The sight was doubtless a moving one, but the public in the pit, finding that the play was stopped, became impatient, and began to shout: 'We will have the play—go on with the play!'
It was all breath thrown away. The puppets, instead of continuing the recital, redoubled their noise and outcries, and putting Pinocchio on their shoulders they carried him in triumph before the footlights.
At that moment out came the showman. He was very big, and so ugly that the sight of him was enough to frighten any one. His beard was as black as ink, and so long that it reached from his chin to the ground. I need only say that he trod upon it when he walked. His mouth was as big as an oven, and his eyes were like two lanterns of red glass with lights burning inside them. He carried a large whip made of snakes and foxes' tails twisted together, which he cracked constantly.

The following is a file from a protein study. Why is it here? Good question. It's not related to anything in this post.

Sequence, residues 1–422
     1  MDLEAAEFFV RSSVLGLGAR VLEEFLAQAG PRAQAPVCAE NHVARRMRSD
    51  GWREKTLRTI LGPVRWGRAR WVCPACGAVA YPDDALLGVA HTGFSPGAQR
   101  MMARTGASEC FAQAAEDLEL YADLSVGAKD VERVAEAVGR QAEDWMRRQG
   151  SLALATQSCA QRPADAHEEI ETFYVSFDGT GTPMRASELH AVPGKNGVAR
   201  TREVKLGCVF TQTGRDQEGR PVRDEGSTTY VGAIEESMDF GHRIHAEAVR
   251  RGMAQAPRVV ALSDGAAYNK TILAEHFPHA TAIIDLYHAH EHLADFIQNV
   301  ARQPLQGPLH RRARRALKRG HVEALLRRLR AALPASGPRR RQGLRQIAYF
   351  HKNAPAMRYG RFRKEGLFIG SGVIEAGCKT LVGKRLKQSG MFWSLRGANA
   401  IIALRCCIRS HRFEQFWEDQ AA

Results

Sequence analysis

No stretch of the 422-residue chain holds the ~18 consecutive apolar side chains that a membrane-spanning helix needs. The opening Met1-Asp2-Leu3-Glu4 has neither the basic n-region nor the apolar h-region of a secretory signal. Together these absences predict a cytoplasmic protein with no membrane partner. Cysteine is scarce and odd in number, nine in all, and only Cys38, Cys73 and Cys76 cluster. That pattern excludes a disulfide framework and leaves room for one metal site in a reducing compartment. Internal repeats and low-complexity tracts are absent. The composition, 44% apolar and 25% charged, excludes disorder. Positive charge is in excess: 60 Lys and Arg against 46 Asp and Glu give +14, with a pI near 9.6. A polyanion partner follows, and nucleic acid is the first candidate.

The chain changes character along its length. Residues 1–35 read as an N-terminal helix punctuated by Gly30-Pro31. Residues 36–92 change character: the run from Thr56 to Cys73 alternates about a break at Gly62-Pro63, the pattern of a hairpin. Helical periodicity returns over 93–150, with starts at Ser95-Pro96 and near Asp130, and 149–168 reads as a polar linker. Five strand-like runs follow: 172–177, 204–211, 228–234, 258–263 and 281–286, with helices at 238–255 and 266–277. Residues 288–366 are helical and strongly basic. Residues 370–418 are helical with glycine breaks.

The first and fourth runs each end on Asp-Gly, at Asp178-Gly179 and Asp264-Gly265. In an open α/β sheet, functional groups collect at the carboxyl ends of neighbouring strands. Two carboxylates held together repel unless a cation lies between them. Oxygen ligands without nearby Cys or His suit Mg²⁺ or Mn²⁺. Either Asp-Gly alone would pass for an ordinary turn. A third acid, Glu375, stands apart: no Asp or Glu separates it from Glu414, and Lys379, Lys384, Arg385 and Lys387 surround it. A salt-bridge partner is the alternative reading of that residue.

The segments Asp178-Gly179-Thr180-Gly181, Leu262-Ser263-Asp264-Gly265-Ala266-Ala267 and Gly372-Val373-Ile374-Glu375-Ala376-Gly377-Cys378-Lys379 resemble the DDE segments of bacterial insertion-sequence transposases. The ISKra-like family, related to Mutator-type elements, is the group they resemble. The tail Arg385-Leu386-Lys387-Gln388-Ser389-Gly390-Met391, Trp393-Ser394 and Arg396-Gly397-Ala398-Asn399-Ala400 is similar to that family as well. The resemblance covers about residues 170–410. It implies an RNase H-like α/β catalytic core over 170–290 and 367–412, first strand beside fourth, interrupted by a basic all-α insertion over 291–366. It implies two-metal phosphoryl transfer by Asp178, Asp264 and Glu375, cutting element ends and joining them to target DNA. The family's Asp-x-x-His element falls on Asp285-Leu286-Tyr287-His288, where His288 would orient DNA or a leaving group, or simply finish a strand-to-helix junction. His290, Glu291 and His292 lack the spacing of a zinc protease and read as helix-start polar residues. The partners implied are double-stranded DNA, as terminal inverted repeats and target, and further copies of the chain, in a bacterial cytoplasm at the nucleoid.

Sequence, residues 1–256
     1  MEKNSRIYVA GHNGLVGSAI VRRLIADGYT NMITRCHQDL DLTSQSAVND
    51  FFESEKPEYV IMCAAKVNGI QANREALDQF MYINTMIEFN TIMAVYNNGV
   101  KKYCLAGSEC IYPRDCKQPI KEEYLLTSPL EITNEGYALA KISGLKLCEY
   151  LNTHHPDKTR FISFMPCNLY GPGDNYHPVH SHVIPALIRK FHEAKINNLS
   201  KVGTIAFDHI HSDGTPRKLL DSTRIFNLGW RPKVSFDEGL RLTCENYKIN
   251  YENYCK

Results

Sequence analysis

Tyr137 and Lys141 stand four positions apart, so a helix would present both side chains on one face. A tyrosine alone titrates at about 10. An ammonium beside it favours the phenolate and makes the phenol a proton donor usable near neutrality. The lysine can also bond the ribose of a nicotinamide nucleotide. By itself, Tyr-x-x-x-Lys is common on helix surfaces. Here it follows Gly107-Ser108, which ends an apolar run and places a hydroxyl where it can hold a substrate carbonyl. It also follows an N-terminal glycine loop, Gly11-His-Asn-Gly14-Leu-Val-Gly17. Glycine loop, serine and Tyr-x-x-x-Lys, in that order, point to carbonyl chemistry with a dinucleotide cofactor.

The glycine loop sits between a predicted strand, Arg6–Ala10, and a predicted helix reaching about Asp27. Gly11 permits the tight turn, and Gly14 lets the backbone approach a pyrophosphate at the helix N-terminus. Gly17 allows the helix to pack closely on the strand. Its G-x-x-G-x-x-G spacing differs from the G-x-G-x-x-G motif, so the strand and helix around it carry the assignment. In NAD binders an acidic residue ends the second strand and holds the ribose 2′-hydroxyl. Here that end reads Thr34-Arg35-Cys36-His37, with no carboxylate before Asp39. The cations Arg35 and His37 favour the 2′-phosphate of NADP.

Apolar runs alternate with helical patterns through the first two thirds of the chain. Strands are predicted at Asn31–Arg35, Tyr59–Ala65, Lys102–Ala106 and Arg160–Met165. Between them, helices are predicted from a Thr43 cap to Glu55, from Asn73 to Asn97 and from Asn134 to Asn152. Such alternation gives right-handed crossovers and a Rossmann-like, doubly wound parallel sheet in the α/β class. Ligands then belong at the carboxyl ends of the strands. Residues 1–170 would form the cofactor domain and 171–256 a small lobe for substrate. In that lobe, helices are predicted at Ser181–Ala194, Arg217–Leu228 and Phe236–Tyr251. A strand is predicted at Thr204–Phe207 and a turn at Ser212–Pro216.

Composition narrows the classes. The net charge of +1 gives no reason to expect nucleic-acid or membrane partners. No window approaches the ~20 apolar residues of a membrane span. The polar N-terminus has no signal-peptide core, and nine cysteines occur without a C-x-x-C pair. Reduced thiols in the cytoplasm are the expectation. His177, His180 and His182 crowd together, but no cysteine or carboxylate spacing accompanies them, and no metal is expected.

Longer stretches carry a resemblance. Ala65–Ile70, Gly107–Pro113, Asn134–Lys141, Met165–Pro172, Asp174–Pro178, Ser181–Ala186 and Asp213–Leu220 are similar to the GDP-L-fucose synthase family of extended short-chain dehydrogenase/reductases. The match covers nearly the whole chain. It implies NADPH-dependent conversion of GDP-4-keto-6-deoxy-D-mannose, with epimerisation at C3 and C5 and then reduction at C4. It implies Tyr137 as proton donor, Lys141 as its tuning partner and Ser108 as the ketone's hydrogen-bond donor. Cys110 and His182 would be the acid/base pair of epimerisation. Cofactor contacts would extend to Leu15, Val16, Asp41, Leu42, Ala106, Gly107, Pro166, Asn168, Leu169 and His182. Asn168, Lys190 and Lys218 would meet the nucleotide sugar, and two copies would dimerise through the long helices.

At his unexpected appearance there was a profound silence: no one dared to breathe. A fly might have been heard in the stillness. The poor puppets of both sexes trembled like so many leaves.
'Why have you come to raise a disturbance in my theatre?' asked the showman of Pinocchio, in the gruff voice of a hobgoblin suffering from a severe cold in the head.